Suu Kyi Fights for a Chance to Become President

Suu Kyi Fights for a Chance to Become President
Suu Kyi on the Times for her enduring fight for human rights. courtesy of Time Magazine Dec 2010
Suu Kyi on the Times for her enduring fight for human rights. courtesy of Time Magazine Dec 2010

Aung San Suu Kyi, an eminent leader for democracy and human rights, plans to run for president in 2016 after her party (the National League for Democracy) wins Burma’s general election. The election will take place in November.

After almost 50 years of military rule and 4 years of partisan politics dominated by military-controlled Union Solidarity Development party, NLD’s initiative steers Burma towards a more democratic style government. Changing the momentum of government rule in Burma is no small feat, as “the constitution will have to change to allow civilian authorities to have the necessary democratic authority over the armed forces” [1].

The Constitution also clashes with Aung San Suu Kyi’s platform. A particular clause in the Constitution prohibits candidates with foreign family members from running; Suu Kyi’s own sons hold British Citizenships. The prohibition may stop Suu Kyi–arguably the most popular politician in the country–from ever becoming president. Even if the NDL wins the November general elections, Aung San Suu Kyi will still have to establish her legitimacy to run as President–in a way that preserves the integrity of the Constitution [2].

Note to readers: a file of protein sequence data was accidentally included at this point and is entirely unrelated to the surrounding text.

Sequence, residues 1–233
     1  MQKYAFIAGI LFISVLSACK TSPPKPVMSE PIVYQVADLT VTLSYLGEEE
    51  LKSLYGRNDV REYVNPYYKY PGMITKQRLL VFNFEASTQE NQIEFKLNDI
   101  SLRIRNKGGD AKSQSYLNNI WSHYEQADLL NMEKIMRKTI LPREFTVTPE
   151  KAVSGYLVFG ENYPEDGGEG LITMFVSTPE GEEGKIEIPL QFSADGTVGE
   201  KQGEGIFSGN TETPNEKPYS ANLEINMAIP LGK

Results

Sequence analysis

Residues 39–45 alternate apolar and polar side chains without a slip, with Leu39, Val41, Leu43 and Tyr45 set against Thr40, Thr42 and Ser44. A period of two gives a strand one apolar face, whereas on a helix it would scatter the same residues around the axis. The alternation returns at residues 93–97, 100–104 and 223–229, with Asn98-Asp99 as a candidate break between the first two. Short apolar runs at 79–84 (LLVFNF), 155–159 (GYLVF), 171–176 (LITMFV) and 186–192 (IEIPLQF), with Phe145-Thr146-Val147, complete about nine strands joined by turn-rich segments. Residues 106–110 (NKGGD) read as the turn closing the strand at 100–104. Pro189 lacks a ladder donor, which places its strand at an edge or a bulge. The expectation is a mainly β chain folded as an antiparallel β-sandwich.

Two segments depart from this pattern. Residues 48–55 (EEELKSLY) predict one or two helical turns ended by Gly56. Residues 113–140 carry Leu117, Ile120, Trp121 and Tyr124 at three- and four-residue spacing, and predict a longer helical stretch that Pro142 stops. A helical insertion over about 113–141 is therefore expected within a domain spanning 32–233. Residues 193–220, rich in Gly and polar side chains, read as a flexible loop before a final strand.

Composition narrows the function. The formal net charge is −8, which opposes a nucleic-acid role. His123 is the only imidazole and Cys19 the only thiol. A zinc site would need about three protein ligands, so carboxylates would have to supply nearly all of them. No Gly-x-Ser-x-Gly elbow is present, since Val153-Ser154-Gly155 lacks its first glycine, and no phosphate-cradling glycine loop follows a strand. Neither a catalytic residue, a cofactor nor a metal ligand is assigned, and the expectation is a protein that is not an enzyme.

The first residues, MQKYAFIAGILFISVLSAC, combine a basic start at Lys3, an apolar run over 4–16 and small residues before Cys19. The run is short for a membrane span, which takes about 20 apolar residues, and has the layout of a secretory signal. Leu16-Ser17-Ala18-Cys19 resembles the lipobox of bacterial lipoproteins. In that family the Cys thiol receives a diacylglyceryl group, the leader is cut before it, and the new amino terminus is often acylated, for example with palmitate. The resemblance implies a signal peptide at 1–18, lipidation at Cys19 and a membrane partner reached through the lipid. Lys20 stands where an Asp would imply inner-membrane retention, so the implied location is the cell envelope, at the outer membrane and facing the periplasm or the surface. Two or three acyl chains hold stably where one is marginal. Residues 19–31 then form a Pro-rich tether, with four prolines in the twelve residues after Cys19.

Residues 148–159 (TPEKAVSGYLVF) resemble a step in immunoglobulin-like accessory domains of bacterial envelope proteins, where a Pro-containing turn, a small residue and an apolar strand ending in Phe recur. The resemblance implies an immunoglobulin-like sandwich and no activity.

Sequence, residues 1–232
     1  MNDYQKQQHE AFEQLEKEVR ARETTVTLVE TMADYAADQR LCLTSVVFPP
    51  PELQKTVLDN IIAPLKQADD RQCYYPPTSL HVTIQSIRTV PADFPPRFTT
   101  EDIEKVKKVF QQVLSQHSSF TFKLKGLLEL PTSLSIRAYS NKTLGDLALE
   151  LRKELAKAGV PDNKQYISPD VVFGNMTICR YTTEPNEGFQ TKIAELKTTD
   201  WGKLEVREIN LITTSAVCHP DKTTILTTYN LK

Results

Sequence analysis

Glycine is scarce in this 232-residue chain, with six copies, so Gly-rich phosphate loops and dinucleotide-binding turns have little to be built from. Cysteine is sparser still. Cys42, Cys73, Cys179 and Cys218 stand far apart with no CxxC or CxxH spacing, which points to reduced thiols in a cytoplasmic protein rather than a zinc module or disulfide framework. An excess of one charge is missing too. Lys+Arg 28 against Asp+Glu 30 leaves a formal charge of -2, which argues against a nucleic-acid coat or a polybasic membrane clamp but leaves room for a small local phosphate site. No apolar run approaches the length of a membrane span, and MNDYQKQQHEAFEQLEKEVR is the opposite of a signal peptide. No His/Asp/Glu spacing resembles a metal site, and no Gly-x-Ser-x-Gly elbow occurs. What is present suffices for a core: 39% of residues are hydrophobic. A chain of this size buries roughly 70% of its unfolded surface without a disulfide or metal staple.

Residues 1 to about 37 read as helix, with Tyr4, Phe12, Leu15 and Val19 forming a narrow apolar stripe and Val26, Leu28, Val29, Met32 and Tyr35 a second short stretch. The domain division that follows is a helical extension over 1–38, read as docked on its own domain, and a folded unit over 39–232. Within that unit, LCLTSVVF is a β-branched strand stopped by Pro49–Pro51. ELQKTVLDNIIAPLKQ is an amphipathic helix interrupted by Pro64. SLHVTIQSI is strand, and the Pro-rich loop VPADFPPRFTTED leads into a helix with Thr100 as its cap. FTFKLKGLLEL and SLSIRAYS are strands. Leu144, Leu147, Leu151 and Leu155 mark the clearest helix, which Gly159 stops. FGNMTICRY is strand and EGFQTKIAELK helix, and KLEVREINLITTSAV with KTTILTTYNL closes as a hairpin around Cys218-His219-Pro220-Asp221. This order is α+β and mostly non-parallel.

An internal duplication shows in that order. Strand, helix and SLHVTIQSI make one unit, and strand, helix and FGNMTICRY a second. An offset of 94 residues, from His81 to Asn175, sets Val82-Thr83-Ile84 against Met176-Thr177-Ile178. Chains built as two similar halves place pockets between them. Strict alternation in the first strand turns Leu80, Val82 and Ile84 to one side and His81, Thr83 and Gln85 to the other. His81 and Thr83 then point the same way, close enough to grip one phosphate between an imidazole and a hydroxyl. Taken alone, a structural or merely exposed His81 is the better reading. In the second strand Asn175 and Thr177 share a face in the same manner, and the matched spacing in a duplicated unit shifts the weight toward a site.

Changes can be made if Suu Kyi diplomatically conciles the approval of parliament and of the military body. The electoral success of the National League for Democracy (NLD) in the upcoming elections will have placed pressure on the military to amend the constitution. Suu Kyi herself can then take the initiative to negotiate between members of parliament and military leadership, convincing them to appoint a caretaker president before formal amendments are made and Suu Kyi is authorized to become president.

Suu Kyi faces opposition from all sides–the Ma Ba Tha nationalist Buddhist movement has been campaigning against the NDL for fear that the rights of minority ethnic groups will be swallowed.

Despite setbacks, Suu Kyi intends to liberate her country from the military’s authoritarian regime after having experienced its oppression personally during her 15 years house arrest, back in 1989, for allegedly attempting to divide the military [3]. She is determined to lead the country, even if she must do so behind the scenes: “I’ve made it quite clear that if the N.L.D. wins the elections and we form a government, I’m going to be the leader of that government whether or not I’m the president” [4].

 

by Serena Chen ’19